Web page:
Nicholas Generous – Data analysis

Nicholas Generous

It’s gone viral! Diseases have always spread quickly but now information is spreading just as fast. Nick, who works for the Lab’s Information Systems and Modeling group, links the Internet and symptom searches to track the spread of sickness. Analysis of these data clusters, along with other information, can show illness patterns almost in real time. For Nick, it’s not just a new set of challenges every day, but work that would have been impossible less than 10 years ago. When he’s not at work, he likes to fly airplanes and ski.

Linda Anderman – Metric System

Linda Anderman

Linda became interested in the ease of the metric system more than four years ago while pursuing outside hobbies. Since that time, she’s worked to understand our history with measurement and tried to figure out what needs to be done to supplant U.S. customary units with metric ones. When she’s not involved in communications and marketing at the Bradbury Science Museum, she spends her time reading and indulging various hobbies.

Matthew Hecht – Ocean and climate modeling

Matthew Hecht

The oceans, which cover about 70% of planet Earth, hold vast amounts of heat. Shifts in the distribution of heat within the oceans can strongly affect the sea ice floating atop those waters, the great ice sheets that extend into the oceans and the climate that we experience on the continents. Matthew Hecht, of the Lab’s Computational Physics and Methods group, applies computer models of ocean circulation, which are closely related to the computer models that generate daily weather forecasts, to the study of the Earth’s climate. When not at work, Matthew enjoys getting out in New Mexico’s high desert climate and playing folk and bluegrass music.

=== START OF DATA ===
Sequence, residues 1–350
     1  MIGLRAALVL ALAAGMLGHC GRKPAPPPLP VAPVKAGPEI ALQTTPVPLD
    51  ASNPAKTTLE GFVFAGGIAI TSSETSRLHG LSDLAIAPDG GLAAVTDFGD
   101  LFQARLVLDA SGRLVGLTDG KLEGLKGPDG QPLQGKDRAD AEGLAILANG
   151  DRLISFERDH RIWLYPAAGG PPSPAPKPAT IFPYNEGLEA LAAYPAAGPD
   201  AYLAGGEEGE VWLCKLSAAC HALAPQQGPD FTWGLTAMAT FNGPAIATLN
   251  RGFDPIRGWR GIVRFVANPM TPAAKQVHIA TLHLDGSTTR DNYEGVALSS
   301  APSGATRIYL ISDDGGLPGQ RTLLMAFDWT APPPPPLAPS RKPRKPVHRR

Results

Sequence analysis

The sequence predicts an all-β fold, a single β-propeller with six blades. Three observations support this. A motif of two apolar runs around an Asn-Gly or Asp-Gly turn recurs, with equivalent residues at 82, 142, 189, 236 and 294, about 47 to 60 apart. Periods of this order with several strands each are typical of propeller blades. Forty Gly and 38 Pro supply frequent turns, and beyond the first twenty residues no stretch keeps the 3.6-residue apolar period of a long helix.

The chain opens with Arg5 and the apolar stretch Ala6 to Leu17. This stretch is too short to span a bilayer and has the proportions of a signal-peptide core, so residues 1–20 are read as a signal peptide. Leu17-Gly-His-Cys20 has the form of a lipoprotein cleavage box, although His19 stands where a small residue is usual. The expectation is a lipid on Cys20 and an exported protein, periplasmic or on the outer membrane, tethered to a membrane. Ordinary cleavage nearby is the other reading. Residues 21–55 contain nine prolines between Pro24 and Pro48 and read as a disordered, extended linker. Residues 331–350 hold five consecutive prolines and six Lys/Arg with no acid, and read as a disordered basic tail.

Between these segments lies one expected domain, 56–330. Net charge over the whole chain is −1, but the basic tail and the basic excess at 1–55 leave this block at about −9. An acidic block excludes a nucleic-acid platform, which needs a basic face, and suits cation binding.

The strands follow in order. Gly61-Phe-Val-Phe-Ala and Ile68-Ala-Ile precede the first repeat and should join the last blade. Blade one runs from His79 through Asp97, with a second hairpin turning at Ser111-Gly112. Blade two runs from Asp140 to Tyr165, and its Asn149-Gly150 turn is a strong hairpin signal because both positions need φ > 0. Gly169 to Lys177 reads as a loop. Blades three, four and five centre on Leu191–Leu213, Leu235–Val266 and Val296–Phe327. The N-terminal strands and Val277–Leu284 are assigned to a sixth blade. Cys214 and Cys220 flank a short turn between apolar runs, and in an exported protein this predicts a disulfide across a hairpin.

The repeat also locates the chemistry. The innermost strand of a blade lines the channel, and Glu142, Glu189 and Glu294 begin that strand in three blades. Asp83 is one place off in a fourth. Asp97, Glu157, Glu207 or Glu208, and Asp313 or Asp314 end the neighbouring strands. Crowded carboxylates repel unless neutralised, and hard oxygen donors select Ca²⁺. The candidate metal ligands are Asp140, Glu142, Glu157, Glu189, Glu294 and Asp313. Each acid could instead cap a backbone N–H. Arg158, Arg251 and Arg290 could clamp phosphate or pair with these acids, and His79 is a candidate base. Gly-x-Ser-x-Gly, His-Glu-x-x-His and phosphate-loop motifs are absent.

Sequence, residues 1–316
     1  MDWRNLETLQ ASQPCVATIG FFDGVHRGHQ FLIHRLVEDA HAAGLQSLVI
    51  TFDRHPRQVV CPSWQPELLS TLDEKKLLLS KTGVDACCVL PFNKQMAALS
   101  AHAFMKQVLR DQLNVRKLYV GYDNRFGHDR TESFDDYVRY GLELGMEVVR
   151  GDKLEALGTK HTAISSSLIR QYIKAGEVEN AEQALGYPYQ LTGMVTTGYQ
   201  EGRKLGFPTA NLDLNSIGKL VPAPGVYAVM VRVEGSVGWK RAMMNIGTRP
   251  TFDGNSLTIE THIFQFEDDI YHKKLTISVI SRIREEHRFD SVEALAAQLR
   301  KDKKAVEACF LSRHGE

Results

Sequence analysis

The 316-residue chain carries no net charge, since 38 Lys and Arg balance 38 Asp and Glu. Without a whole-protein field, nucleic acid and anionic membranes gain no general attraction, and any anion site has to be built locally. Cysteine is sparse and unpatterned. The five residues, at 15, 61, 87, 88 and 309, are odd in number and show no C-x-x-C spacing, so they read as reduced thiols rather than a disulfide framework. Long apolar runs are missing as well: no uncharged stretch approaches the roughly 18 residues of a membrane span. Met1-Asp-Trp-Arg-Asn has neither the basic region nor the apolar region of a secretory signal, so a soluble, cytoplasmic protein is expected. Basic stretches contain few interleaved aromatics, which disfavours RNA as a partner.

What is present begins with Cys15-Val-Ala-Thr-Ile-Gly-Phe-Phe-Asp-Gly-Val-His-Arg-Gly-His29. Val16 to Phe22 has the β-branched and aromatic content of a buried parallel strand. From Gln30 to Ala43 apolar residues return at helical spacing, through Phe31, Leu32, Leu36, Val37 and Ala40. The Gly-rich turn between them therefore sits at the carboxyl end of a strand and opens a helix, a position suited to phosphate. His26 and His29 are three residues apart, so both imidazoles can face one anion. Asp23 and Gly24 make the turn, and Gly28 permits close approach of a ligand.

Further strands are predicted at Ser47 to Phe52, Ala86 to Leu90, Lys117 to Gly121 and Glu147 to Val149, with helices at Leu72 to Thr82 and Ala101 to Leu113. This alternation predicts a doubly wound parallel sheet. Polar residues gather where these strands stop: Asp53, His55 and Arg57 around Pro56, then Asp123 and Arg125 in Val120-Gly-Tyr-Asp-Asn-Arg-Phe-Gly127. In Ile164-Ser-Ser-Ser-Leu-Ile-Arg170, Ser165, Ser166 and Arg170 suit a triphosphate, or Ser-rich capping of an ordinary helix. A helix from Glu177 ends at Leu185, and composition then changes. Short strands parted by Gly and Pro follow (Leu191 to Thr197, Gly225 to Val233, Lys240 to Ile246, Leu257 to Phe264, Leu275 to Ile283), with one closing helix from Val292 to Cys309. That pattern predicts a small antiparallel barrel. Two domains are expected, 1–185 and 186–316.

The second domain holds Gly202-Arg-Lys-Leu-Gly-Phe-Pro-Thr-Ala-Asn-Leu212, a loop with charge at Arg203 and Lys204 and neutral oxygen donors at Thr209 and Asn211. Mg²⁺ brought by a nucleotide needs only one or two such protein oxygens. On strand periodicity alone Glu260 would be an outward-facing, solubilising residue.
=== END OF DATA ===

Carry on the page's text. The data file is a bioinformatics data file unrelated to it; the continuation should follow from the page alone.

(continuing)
Scott Crooker – Materials and extreme conditions

Scott Crooker

What happens when you take something brand new—like a semiconductor or a quantum dot, and you make it really cold—like just above absolute zero cold, then you stick it in some of the world’s largest and strongest magnetic fields…and then fire a laser at it? Turns out you learn all sorts of new things about all sorts of new materials and you also have what Scott Crooker does every day at the Lab’s National High Magnetic Field Laboratory. Scott and his team use optical spectroscopy measurements to analyze the properties and physics of never before seen materials under extreme conditions. The thrill of pure scientific discovery runs in the family, as Scott’s father was an experimental physicist at the University of Hawaii. When he’s not in the Lab, Scott spends time with his family up in the mountains, hiking, biking, and swimming.